More than 120,000 people have now died from coronavirus in the United States, according to an NBC News tally, which shows that over 2.2 million people have been infected across the country.

The grim figure was reached hours before President Donald Trump told a rally in Tulsa, Oklahoma that he wanted to “slow the testing down,” on Saturday. The White House later said he was joking.

The head of the World Health Organization also warned on Friday that the virus’s global spread is accelerating after a daily high of 150,000 new cases was reported last week.

Worldwide, almost 8.8 million people have been infected with the respiratory illness as of Sunday and it has killed more than 464,000, according to Johns Hopkins University data. The true number is thought to be much higher as many cases go untested.

In China, officials said Sunday that 2.3 million people have so far been tested in the country’s capital, in an effort to contain a significant outbreak in Beijing after an easing of lockdown restrictions.

A nurse wearing a protective suit and mask takes a nucleic acid test for COVID-19 from a person who either visited or lives near the Xinfadi Market at a testing facility last week in Beijing, China.Lintao Zhang / Getty Images

Medical aid teams from Wuhan — where the virus originated late last year — arrived in Beijing late on Saturday in order to help carry out more testing, Chinese state media reported.

There had been no new domestic cases in the city for 56 consecutive days, but since June 11, the capital has reported 227 new cases.

Nearby South Korea also continues to struggle to contain an outbreak resurgence that has seen some of the country’s hard-won pandemic gains erased since social distancing rules were eased in April.

South Korean health authorities on Sunday warned the nation of a new “summer wave” if the public fails to wear masks and keep social distance.

Health officials said 24 of the new 48 cases on Sunday were in the Seoul region, which has been the center of the country’s latest outbreak since late May. Ten of the new cases, however, are from the central city of Daejeon, which indicates the virus is beginning to spread more broadly again.

A quarantine worker sprays disinfectants at night spots of Itaewon neighborhood, following the coronavirus outbreak in Seoul, South Korea in May.Yonhap / Reuters

Elsewhere, South Africa continued to loosen lockdown measures under economic pressure, despite reporting nearly 4,000 more COVID-19 cases on Saturday. The country has reported more than 92,000 cases as of Sunday, according to the Africa Center for Disease Control, about 30 percent of the virus cases on the African continent.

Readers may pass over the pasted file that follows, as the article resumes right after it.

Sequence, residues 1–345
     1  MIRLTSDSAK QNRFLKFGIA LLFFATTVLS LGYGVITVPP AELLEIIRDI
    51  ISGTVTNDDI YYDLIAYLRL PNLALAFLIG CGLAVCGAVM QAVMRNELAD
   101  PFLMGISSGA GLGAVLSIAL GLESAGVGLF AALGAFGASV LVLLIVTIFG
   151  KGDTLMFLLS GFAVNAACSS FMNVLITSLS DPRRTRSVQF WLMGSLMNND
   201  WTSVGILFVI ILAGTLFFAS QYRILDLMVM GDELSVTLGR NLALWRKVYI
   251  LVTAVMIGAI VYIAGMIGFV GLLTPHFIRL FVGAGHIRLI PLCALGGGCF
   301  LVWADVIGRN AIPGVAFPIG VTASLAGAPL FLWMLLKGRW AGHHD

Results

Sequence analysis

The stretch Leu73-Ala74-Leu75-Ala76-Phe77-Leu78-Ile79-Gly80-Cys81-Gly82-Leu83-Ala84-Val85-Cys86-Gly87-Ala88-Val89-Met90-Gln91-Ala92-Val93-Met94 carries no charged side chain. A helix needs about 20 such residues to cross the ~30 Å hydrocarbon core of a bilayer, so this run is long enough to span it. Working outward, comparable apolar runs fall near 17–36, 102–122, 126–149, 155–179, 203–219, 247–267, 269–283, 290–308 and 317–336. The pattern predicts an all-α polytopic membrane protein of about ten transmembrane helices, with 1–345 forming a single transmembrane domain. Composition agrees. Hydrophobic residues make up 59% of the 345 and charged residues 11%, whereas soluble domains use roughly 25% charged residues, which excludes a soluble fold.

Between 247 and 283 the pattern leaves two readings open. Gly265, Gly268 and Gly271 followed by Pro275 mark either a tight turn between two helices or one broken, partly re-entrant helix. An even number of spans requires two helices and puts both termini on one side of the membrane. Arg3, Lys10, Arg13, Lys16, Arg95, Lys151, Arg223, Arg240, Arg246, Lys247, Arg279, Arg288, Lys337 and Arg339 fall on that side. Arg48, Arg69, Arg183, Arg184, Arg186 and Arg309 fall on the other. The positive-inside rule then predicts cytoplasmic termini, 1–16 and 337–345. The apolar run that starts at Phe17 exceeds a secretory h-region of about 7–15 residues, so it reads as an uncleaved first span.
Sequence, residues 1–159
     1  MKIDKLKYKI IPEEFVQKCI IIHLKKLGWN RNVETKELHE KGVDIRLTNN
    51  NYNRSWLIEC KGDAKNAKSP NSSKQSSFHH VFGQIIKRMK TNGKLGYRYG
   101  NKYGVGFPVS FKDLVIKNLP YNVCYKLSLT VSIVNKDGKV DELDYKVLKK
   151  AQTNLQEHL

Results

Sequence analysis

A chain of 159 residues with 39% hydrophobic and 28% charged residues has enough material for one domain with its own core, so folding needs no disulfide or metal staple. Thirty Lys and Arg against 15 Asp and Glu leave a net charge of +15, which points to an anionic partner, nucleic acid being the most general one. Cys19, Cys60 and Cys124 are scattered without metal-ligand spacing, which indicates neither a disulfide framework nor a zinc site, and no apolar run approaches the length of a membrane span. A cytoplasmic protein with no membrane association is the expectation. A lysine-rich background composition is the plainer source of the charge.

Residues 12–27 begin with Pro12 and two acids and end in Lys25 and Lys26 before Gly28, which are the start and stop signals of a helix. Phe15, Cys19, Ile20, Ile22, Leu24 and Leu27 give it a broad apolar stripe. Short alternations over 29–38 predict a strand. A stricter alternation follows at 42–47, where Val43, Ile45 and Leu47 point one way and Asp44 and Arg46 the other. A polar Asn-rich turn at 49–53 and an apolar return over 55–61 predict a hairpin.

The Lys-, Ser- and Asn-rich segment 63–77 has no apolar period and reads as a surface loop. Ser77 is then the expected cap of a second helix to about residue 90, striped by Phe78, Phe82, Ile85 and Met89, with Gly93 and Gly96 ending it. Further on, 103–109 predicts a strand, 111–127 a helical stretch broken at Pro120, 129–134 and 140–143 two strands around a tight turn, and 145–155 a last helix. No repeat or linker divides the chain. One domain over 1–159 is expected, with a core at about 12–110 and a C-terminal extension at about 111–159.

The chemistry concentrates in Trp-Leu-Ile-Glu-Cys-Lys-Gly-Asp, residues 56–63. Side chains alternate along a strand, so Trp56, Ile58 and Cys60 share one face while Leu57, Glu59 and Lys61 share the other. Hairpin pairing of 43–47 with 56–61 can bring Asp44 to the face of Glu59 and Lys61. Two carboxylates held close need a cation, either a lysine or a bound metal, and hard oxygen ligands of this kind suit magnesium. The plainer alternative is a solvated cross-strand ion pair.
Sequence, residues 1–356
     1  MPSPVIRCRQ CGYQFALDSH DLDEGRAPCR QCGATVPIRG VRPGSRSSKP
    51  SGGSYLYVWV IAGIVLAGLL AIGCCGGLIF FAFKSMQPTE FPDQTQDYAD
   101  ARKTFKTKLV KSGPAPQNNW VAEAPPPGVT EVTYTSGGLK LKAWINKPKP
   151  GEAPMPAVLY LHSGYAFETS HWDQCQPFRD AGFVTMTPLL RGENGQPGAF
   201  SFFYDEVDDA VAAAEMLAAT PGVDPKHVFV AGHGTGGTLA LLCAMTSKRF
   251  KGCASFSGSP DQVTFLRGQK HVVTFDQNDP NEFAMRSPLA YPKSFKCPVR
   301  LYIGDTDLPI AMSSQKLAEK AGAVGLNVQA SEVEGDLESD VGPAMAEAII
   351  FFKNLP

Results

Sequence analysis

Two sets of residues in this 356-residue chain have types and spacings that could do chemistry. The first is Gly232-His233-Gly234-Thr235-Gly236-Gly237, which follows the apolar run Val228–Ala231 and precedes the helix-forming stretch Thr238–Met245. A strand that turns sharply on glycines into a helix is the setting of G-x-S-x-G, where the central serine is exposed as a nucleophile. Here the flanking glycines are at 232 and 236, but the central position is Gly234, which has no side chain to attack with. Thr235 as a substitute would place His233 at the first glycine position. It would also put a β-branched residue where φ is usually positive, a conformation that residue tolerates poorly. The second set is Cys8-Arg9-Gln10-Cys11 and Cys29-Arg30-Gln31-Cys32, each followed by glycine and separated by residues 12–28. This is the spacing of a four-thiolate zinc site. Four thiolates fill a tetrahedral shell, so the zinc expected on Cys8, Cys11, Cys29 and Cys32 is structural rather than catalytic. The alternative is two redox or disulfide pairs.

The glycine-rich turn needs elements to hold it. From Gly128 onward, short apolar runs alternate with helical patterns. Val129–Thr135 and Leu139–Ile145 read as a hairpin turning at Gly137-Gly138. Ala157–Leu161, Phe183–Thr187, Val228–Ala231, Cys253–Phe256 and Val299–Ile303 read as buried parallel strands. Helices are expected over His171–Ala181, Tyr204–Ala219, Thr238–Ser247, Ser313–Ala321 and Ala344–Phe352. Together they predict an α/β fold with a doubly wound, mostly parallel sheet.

The New Development Bank approved a $1 billion COVID-19 emergency loan on Saturday to South Africa to help reduce the significant socio-economic impacts from pandemic.

Meanwhile, badly-hit Brazil on Saturday had total number of cases had rise by more than 50,000 from the previous day, the health ministry said. President Jair Bolsonaro has been downplaying the risks of the virus despite his country surpassing 1 million cases, with nearly 50,000 fatalities.

As virus case numbers are rising in the Americas and across Africa, European governments continue to ease lockdown restrictions as infections slow.

As of Sunday, 47 million Spaniards will be able to freely move around the entire country for the first time as the national state of emergency ended after three months. The lockdown measures have been rolled back gradually over recent weeks.

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In nearby Italy — which for a time this spring had the most cases and deaths in the world — Pope Francis welcomed doctors and nurses from the hard-hit Lombardy region to the Vatican on Saturday to thank them for their work and sacrifice.

Francis said Lombardy’s medics “gave witness to God’s proximity to those who suffer” and became literal “angels” helping the sick recover.

In the U.K. — which on Friday lowered its COVID-19 alert level to “epidemic” from “exponential” — the government said it would announce next week whether it will ease social distancing rules that say people should remain six feet apart.

Many areas of Europe, however, are dealing with new localized spikes with some of the largest centered around meat-processing plants. German officials said Saturday that the number of workers infected at a slaughterhouse in the northwest of the country had risen above 1,000.

Leou Chen, Stella Kim and Associated Press contributed.

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